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Designation: D 4306 97

AMERICAN SOCIETY FOR TESTING AND MATERIALS 100 Barr Harbor Dr., West Conshohocken, PA 19428 Reprinted from the Annual Book of ASTM Standards. Copyright ASTM

An American National Standard

Standard Practice for

Aviation Fuel Sample Containers for Tests Affected by Trace Contamination1


This standard is issued under the xed designation D 4306; the number immediately following the designation indicates the year of original adoption or, in the case of revision, the year of last revision. A number in parentheses indicates the year of last reapproval. A superscript epsilon (e) indicates an editorial change since the last revision or reapproval. This standard has been approved for use by agencies of the Department of Defense.

1. Scope 1.1 This practice2 describes the types of and preparation of containers found most suitable for the handling of aviation fuel samples for the determination of critical properties affected by trace contamination. 1.2 This standard does not purport to address all of the safety concerns, if any, associated with its use. It is the responsibility of the user of this standard to establish appropriate safety and health practices and determine the applicability of regulatory limitations prior to use. For specic hazard statements, see Note 2, Note 4, and 5. 2. Referenced Documents 2.1 ASTM Standards: D 2624 Test Methods for Electrical Conductivity of Aviation and Distillate Fuels Containing a Static Dissipator Additive3 D 3602 Field Test Method for Water-Separation Characteristics of Aviation Turbine Fuels4 D 3948 Test Methods for Determining Water Separation Characteristics of Aviation Turbine Fuels by Portable Separometer4 D 4057 Practice for Manual Sampling of Petroleum and Petroleum Products4 D 4308 Test Method for Electrical Conductivity of Liquid Hydrocarbons by Precision Meter4 2.2 SAE Standard: SAE MAP-1794, The Ball on Cylinder Method for Measuring Lubricity of Aviation Turbine Fuel5,6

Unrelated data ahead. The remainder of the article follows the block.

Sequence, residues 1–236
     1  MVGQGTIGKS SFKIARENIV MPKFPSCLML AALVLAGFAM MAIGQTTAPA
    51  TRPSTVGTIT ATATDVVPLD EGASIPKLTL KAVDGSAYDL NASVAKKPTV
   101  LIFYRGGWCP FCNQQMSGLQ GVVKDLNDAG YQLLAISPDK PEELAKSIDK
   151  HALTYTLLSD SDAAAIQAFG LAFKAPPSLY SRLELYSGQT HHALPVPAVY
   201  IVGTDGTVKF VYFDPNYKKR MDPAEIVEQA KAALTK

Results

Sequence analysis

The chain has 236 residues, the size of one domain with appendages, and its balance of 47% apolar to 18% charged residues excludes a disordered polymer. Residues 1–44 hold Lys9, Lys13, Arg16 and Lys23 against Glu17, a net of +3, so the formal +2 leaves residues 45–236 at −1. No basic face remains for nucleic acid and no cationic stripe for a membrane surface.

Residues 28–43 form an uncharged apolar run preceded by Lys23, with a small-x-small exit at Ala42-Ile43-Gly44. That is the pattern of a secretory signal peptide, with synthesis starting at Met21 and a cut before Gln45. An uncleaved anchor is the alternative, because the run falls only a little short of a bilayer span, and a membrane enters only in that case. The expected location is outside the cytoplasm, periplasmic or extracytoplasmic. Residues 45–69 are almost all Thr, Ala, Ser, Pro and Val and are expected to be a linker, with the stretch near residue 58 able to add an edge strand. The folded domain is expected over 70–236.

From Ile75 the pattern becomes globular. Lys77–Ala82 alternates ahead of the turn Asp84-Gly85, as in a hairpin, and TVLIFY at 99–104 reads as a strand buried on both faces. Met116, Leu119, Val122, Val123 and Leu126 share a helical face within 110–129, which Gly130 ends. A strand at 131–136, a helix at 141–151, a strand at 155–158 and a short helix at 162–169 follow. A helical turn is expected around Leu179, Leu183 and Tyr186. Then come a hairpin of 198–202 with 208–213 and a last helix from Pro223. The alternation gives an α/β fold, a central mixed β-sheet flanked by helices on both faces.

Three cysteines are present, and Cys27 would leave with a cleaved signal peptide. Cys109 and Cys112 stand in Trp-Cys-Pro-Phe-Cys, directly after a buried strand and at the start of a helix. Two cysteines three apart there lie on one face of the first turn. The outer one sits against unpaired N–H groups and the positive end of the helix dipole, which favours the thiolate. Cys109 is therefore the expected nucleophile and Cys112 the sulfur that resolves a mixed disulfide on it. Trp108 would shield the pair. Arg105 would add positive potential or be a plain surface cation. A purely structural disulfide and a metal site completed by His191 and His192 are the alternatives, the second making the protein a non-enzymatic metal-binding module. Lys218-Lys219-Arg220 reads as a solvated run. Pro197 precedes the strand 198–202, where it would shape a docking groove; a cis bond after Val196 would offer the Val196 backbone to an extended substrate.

3. Signicance and Use 3.1 General descriptions for the manual sampling of petroleum products are given in Practice D 4057. However, a number of aviation fuel properties are established or affected by trace levels of polar or other compounds. Measurement signicance therefore requires that the sample containers not add or adsorb any materials. This practice presents types and preparations of sampling containers found satisfactory for the determination of water separation, copper corrosion, electrical conductivity, thermal stability, lubricity, and trace metal content. An approval procedure for new containers is also given. 3.2 Two properties, particulate contamination and free water content, involve materials easily removed by any sampling container. These properties should be determined by placing the sample directly into the measuring apparatus and not using containers to transport the sample to the measuring equipment. 4. Apparatus 4.1 Sampling Containers: 4.1.1 Epoxy-coated Containers: 4.1.1.1 While generally superior to other coatings, certain epoxy-coatings evolve plasticizers which can adversely affect critical fuel properties. Because no specication is known to describe a satisfactory epoxy-coating, 6.2 lists an approval procedure which can be used to identify a satisfactory coating. 4.1.1.2 Coated cans should be examined closely to assure that the coating covers all inside surfaces. If not, the cans should be considered the same as tin-plated, soldered side seam cans. 4.1.2 Borosilicate (hard) Glass Bottles. 4.1.2.1 Amber colored or bottles covered with an opaque material such as aluminum foil are preferred to avoid possible reactions with sunlight. 4.1.3 Polytetrauoroethylene Bottles. 4.1.4 Polyethylene Bottles, high-density, linear. 4.1.5 Steel Cans, tin-plated, soldered side seam. 4.2 Closures: 4.2.1 Closures with a metallic inside surface are preferred. Closures with the same inside surfaces as suitable containers such as polytetrauoroethylene are also suitable. 4.2.2 Where required by shipping regulations such as DOT